Polish travelling cinema goes to Myanmar

Polish classical documentary films and the best animated movies for kids will be shown in towns and villages of Eastern Europe and in Asia, in such faraway places as Myanmar. Two Poles will travel there through India in a special off-road vehicle with an enormous inflatable screen in the boot of their car.

“We are prepared to show movies under all conditions. We have an enormous inflatable screen the size of over 40 square meters, which reaches the building’s first floor, a film projector and loudspeakers,” Maciej Kuziemski, who works at the Lech Wałęsa Institute, tells Polska.pl. He got the idea to do the project while travelling to Myanmar, during last year’s festival Watch Docs Yangon – the first edition of a documentary film review about human rights to be organised outside Poland.

“We will be showing classic Polish documentary movies, because we believe that they carry truly universal values. These movies were made at a time when cinematography played a special role in Poland. Censorship prevented artists from speaking directly about important issues, hence the prevailing symbolism and metaphors. The majority of the programme that we have selected consists of silent movies, so there is no problem with troublesome translations,” Maciej Kuziemski tells Polska.pl.  He got the idea of showing the best documentaries of the Polish film school in the East while watching the work of Piotr Stasiak, whom Kuziemski has invited to run film workshops. After the screenings there will be workshops in civic and consumer awareness.

Piotr Stasiak has gone on a similar artistic expedition before. In his documentary “Dziennik z podróży” (Travel Journal”) he has shown a project of the master of reportage photography Tadeusz Rolke and his  teenage student who took photographs of people they met in Polish villages and towns. The film won an honourable mention in 2013 at the Krakow Film Festival in Poland. 


The current project realised by Kuziemski and Stasiuk has received support from many institutions: the Lech Wałęsa Institute where Kuziemski works, the Adam Mickiewicz Institute, the Solidarity Fund PL, the Polish Film Institute, the National Audiovisual Institute, the Helsinki Human Rights Foundation, Association of Creative Initiatives “ę” and DobreKino.pl.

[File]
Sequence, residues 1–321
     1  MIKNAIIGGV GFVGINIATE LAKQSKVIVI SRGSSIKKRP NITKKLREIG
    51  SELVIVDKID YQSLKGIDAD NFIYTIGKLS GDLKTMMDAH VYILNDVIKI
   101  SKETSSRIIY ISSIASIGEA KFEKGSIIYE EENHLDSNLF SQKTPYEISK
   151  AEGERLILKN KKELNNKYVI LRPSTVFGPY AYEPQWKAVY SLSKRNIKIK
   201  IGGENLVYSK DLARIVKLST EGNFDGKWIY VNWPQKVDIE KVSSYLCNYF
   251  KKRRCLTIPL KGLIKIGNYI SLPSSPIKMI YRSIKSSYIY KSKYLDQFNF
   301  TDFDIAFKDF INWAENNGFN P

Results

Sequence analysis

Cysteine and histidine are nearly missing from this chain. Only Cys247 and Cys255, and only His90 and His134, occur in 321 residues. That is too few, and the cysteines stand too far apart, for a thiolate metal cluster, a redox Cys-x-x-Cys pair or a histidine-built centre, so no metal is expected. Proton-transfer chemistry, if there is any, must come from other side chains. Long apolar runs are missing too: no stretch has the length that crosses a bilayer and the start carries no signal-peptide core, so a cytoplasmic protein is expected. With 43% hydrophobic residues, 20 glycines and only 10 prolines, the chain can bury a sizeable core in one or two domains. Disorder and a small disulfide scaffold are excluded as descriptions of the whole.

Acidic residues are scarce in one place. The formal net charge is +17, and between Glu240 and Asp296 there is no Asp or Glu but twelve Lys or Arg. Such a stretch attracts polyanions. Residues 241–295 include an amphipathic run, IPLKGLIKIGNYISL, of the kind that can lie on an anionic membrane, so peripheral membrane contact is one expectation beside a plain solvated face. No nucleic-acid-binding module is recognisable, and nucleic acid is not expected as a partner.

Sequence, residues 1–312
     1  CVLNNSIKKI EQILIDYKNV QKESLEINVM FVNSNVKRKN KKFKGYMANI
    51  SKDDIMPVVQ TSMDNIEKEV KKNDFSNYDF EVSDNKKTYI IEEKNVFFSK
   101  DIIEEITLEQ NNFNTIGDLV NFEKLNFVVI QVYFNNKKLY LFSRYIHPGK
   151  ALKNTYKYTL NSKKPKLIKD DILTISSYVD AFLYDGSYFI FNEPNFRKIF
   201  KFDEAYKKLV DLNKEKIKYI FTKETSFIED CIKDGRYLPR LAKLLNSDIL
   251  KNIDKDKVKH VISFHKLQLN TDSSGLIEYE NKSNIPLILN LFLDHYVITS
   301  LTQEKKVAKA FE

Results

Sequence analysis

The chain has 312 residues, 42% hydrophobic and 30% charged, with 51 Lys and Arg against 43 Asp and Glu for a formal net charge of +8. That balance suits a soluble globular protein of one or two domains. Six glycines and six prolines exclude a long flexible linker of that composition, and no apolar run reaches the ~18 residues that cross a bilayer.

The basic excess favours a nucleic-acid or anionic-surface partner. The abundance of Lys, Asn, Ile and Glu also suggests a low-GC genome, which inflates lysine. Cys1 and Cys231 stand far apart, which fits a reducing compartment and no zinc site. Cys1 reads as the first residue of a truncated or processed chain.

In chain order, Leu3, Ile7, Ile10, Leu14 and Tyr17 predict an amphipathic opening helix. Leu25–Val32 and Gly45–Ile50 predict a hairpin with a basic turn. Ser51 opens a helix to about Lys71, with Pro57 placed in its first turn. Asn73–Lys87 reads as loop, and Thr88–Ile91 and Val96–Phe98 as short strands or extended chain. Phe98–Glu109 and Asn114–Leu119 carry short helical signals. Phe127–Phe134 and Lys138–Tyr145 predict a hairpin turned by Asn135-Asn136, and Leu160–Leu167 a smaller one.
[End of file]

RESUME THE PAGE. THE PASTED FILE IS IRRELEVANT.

On 25 March, Kuziemski and Stasiuk left Warsaw in an off-road Toyota packed with installations and sound equipment for open air cinema screenings. They made their first screening in Kyiv. Even though the idea was to show movies in villages and towns, off the beaten track, they could not forget about the people who were fighting for democracy at EuroMaidan. They accepted an invitation to DOCUDAYS festival whose programme included many events in public space.

The first movie was shown in a characteristic place for Ukraine’s capital – St. Andrew Orthodox Church, where Kyiev inhabitants traditionally met. Next stops were small towns of Winnica and Mochyłów Podolski in Ukraine, and the Moldovan town of Soroka, near the Ukrainian border. Since spring was not yet in full bloom and the days were cold, animated movies for kids, like Bolek i Lolek, were shown in schools for 120 children. Eventually the movies will be screened in open air.

“The project will run through the end of the year. By end of May we plan to visit Romania, Bulgaria, Turkey, Georgia, Azerbaijan and make the final stop in Iran. The second part of the route is still a mystery,” Maciej Kuziemski tells Polska.pl.